In this case, we have sent several letters to have more questions answered. The letters were sent to the government and to Statoil. Statoil is now prepared to meet us to discuss the issue. The Minister of Petroleum and Energy, Rannveig Frøiland, stays silent.
We wonder what kind of political conflict the general assembly of Statoil, the Minister of Petroleum and Energy, will possibly interfere in to make use of its 100% ownership. Does it not suffice that the company is actually working against Norwegian foreign policy, as Statoil is obviously doing in this case? We also wonder how it can be justified that Statoil pays tax to Indonesia, for oil resources belonging to East Timor.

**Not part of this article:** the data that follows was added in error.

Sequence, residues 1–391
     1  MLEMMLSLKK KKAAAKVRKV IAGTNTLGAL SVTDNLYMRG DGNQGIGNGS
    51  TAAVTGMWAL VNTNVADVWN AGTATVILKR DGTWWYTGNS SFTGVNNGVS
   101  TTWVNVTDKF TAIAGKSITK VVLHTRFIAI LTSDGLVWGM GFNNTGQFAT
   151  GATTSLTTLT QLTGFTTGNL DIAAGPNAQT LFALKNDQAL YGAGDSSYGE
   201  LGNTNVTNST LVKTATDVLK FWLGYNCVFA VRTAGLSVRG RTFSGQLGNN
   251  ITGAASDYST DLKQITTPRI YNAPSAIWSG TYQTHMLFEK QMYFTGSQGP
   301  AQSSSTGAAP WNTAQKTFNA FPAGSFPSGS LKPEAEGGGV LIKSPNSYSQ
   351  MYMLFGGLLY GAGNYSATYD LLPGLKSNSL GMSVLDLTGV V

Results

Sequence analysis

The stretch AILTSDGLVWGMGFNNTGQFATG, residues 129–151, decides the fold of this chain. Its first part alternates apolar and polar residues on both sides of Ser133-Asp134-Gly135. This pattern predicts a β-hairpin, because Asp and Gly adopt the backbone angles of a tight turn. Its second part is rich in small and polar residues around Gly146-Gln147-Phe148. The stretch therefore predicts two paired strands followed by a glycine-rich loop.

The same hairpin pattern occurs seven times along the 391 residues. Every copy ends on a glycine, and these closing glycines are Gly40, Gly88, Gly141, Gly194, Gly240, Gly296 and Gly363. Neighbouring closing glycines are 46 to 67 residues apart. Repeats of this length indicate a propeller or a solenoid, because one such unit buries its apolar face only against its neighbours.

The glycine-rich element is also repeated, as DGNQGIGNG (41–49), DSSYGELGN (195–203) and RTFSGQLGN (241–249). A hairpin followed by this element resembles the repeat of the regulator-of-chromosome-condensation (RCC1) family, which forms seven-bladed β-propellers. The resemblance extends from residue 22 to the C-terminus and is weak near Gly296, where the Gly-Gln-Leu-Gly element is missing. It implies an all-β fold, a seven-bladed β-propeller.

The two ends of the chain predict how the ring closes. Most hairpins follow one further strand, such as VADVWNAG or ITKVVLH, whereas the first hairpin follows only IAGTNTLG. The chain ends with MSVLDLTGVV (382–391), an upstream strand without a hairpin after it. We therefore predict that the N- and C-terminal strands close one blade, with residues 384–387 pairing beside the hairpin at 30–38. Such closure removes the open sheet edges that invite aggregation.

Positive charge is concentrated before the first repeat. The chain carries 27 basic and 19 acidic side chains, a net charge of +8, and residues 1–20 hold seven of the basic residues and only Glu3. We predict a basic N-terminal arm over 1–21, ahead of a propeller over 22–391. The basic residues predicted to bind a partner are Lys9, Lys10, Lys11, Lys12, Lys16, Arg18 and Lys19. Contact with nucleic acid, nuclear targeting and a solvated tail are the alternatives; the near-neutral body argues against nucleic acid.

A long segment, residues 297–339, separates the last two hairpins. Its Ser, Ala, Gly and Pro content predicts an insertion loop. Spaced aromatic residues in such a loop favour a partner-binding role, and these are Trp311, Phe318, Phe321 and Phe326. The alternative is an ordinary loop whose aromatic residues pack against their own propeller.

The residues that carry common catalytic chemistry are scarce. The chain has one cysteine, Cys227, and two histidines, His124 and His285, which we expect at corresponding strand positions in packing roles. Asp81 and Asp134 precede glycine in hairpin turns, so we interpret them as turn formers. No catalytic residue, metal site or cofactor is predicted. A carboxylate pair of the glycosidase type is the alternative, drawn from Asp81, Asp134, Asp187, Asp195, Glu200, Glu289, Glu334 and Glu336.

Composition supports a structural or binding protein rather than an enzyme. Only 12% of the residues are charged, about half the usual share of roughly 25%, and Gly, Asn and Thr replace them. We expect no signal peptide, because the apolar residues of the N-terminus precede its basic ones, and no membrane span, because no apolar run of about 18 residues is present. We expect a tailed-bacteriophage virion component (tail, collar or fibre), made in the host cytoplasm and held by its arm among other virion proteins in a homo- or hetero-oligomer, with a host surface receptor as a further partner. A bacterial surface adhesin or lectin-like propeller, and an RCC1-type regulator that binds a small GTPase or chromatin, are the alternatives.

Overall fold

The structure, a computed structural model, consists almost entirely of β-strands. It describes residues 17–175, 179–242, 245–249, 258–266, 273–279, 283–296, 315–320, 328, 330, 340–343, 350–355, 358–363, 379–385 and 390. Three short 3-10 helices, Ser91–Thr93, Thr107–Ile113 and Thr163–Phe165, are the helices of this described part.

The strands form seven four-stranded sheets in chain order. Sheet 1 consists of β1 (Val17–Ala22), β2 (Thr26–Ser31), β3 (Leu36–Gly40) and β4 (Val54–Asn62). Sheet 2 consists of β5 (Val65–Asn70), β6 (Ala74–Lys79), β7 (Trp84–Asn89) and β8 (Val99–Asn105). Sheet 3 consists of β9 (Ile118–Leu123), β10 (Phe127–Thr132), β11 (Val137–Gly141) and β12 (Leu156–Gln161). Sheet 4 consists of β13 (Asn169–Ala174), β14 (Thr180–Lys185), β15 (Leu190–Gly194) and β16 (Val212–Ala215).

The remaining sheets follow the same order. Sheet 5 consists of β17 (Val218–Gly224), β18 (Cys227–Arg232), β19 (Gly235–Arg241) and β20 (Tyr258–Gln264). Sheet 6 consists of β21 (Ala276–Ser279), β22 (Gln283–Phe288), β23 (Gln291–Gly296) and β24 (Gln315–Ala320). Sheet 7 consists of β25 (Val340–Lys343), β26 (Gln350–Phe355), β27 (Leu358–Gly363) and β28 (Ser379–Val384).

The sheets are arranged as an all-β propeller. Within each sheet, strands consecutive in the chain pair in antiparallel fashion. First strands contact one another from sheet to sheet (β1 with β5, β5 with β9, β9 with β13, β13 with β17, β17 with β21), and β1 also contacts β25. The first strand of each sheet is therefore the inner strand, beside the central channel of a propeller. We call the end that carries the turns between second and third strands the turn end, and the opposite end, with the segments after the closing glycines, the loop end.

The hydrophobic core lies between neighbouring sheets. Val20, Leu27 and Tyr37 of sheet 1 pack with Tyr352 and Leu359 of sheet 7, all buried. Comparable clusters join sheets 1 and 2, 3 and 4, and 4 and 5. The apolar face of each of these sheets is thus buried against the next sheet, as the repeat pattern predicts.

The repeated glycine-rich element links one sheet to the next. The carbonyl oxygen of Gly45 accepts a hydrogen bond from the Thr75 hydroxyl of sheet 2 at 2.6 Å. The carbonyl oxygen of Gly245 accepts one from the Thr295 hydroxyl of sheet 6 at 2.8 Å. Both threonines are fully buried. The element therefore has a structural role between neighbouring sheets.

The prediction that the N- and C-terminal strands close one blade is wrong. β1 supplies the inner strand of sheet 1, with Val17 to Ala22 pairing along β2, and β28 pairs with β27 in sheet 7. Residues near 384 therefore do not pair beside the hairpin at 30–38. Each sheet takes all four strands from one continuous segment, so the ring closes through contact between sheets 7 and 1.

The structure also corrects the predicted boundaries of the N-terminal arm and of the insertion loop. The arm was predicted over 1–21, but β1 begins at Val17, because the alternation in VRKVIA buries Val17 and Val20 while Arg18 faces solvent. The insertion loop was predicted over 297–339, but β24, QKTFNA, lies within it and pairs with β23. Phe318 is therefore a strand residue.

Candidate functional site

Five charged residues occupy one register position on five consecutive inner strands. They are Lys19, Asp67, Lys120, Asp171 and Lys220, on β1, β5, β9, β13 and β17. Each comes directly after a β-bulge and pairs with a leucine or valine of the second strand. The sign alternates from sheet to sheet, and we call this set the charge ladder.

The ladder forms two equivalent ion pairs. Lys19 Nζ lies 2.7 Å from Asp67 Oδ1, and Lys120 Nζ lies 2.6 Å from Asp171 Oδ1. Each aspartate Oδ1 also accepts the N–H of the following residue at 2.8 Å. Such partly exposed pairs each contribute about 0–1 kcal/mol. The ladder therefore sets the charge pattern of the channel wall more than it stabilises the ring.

Frøiland thinks it is OK for state-owned companies to have a policy different from that of the government, and "will give Statoil and other companies the freedom they need to act professionally". There is no doubt as to what this means in the question of East Timor.
On several occasions, the government has focused on the companies and the owners' own responsibility in ethical questions related to business.
However, the government does not take on the same responsibility for its own companies.
Norwatch Newsletter 11/97